What Sex-Ed Didn't Teach You About Orgasms

Studies show that women reach climax less often than men do during sexual encounters together. Matheus Ferrero/Unsplash

Rosie McCall 07 Mar 2018, 15:58

The Conversation

There is a clear disparity between men and women when it comes to achieving orgasm; a phenomenon scientists call the orgasm gap.

Studying orgasms is no easy task. We work as psychology of sexual behaviour researchers in the lab of Dr. James Pfaus at Concordia University and were interested to explore the “controversy” of clitoral versus vaginal orgasms.

We conducted a literature review on the current state of the evidence and different perspectives on how this phenomenon occurs in women. Particularly, the nature of a woman’s orgasm has been a source of scientific, political and cultural debate for over a century. Although science has an idea of what orgasms are, we are still quite uncertain as to how they occur.

Orgasms are one of the few phenomena that occur as a result of a highly complex interaction of several physiological and psychological systems all at once. While there may be evolutionary reasons why men are more likely to orgasm during sex, we shouldn’t doom ourselves to this idea. Indeed, part of the problem lies in what happens in the bedroom.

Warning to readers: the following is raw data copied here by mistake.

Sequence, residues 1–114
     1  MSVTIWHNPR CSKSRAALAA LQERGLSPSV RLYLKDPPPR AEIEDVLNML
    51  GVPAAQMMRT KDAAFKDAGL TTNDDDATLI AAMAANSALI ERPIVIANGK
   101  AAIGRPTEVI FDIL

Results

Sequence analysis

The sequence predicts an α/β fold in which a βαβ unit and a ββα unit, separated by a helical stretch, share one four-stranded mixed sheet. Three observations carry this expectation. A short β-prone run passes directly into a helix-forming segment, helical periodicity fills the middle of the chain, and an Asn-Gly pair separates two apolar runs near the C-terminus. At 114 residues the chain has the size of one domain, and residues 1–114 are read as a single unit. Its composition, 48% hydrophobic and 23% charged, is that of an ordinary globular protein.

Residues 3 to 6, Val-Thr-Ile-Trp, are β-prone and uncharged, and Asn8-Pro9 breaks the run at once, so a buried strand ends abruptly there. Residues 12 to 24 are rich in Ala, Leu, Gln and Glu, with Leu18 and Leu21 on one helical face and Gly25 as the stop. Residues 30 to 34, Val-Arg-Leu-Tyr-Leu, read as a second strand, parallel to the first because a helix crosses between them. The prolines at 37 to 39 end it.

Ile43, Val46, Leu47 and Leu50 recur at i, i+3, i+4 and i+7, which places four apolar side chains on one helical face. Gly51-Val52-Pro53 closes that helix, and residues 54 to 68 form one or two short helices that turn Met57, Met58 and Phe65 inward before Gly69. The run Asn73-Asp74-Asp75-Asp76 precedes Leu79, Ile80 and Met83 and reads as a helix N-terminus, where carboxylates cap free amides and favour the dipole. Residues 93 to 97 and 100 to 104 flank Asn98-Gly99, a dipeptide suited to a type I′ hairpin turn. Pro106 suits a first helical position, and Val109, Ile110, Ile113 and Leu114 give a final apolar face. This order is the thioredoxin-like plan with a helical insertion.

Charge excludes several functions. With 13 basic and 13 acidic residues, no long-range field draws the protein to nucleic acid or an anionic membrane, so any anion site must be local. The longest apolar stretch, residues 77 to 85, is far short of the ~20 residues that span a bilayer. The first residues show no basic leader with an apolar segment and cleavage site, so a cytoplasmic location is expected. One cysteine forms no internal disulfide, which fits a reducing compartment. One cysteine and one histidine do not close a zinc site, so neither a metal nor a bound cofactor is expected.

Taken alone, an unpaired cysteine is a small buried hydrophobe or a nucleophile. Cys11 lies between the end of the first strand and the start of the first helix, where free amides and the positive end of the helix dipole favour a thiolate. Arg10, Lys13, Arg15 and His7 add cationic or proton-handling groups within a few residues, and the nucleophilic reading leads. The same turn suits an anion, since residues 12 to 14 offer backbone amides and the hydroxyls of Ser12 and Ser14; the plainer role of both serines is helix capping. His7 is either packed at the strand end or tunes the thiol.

We all have different preferences when it comes to what we like in bed. But one commonality we share is that we know when we orgasm and when we do not. We don’t always orgasm every time we have sex, and that can be just fine, because we may have sex for many different reasons. However, studies repeatedly show that women reach climax less often than men do during sexual encounters together.

For example, a national survey conducted in the United States showed that women reported one orgasm for every three from men. Heterosexual males said they achieved orgasm usually or always during sexual intimacy, 95 per cent of the time.

Sexual education needs to address the orgasm gap, just as much as it does sexual pleasure for all. Shutterstock

The gap appears to become narrower among homosexual and bisexual people, where 89 per cent of gay males, 88 per cent bisexual males, 86 per cent lesbian women, and 66 per cent of bisexual women orgasm during sexual interactions.

When we take a closer look at what might explain the orgasm gap, we can see the type of relationship we have with our partner matters. If you are in an established committed relationship, the gap tends to close, but it widens during casual sex.

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